Let me briefly consider the three preconditions in Article 150(1): security, economic life or public order. It is impossible for the prime minister to argue that the security of Malaysia is in any way affected by whether he continues to remain in office. Likewise, public order. That leaves “economic life”. This precondition has no application. Note that “health” is not a ground. This is hardly surprising. Nations have, over centuries, been affected by plague, tuberculosis, the Spanish flu and other contagious diseases. But they do not justify a national emergency. Ample public health and sanitisation measures can be put in place under the ordinary laws of the land, without resorting to emergency powers. In these circumstances, there are no legal grounds for the proclamation of an emergency in Malaysia today. It would, therefore, be unconstitutional.
Although an ouster clause is found in Article 150 (8), having regard to the development of constitutional law in seminal cases like Indira Gandhi and Semenyih Jaya, it can certainly be argued that the courts can review a decision to declare an emergency. Nearly half a century ago, the Teh Cheng Poh case considered the limits of the power of the executive to declare emergencies. A recent foreign example is illustrative of the worldwide trend in common law: the Brexit decision of the Supreme Court in the United Kingdom. In my opinion, a proclamation of emergency in present circumstances is justiciable before our courts.
A supreme irony is that the prime minister and his finance minister desire Parliament to be suspended, and for the Budget to be enforceable by executive action. This again would be unconstitutional because it would violate three sub-articles in Article 150 itself. Thus, Article 150(3) requires the proclamation to be laid before both Houses of Parliament. More significantly, the proclamation shall cease to have effect if a resolution is passed by both Houses “annulling such a proclamation”. Article 150(5) provides that while a proclamation is in force, “Parliament may make laws if it appears to Parliament the law is required”. Finally, Article 150(9) states that the Houses of Parliament should be regarded as sitting “only if the members of each House are respectively assembled together and carrying out the business of the House”.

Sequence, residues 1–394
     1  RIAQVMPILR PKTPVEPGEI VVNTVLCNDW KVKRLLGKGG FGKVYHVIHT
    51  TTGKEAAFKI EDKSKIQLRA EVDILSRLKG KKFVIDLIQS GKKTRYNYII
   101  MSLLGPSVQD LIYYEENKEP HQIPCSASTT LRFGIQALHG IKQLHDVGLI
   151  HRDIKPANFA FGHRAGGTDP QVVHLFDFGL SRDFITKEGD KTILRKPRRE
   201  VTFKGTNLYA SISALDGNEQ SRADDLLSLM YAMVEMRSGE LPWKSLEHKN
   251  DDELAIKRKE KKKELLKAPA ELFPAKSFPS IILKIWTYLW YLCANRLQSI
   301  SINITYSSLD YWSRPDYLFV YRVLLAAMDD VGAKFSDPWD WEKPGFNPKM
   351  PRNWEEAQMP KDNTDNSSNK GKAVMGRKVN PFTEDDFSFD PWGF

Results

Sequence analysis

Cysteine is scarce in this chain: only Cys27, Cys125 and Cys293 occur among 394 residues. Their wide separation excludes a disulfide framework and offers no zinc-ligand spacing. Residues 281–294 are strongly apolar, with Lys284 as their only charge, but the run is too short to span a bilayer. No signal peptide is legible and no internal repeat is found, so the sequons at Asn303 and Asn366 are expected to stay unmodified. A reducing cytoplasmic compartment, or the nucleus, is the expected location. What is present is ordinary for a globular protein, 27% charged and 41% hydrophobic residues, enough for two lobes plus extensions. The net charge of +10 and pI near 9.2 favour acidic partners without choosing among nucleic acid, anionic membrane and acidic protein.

It is plain and obvious that proclaiming an emergency does not have the intended result. Parliament continues to perform its duties. Hence, the Dewan Rakyat should sit in the normal way for the important Budget session in early November, as scheduled.
One would expect the finance minister, as an ex-banker, to advise his prime minister of the grave consequences to the economy if an emergency is declared. The ratings agencies will immediately downgrade our ratings, which means that borrowing costs will become more expensive, and perhaps, even more difficult. The share market will plunge, the ringgit will plummet, and business confidence will be shattered. All these predictable consequences would be self-inflicted solely to allow one man to remain as prime minister. Hence the “economic life” of Malaysia demands no emergency. Period.
For all these reasons, I implore the prime minister to withdraw this option. Rather, the problem is created by the 222 MPs. The solution, therefore, lies in their hands. If that means the prime minister and his political opponents have to spend next week horse-trading and bargaining for inclusion in a true unity government, they must undertake that with a spirit of consensus and compromise. The people of Malaysia, whom you are supposed to represent, are absolutely disgusted with the present state of affairs. The last thing we want is a national emergency caused solely by the ambitions and greed of politicians.
Tan Sri Tommy Thomas is the former attorney general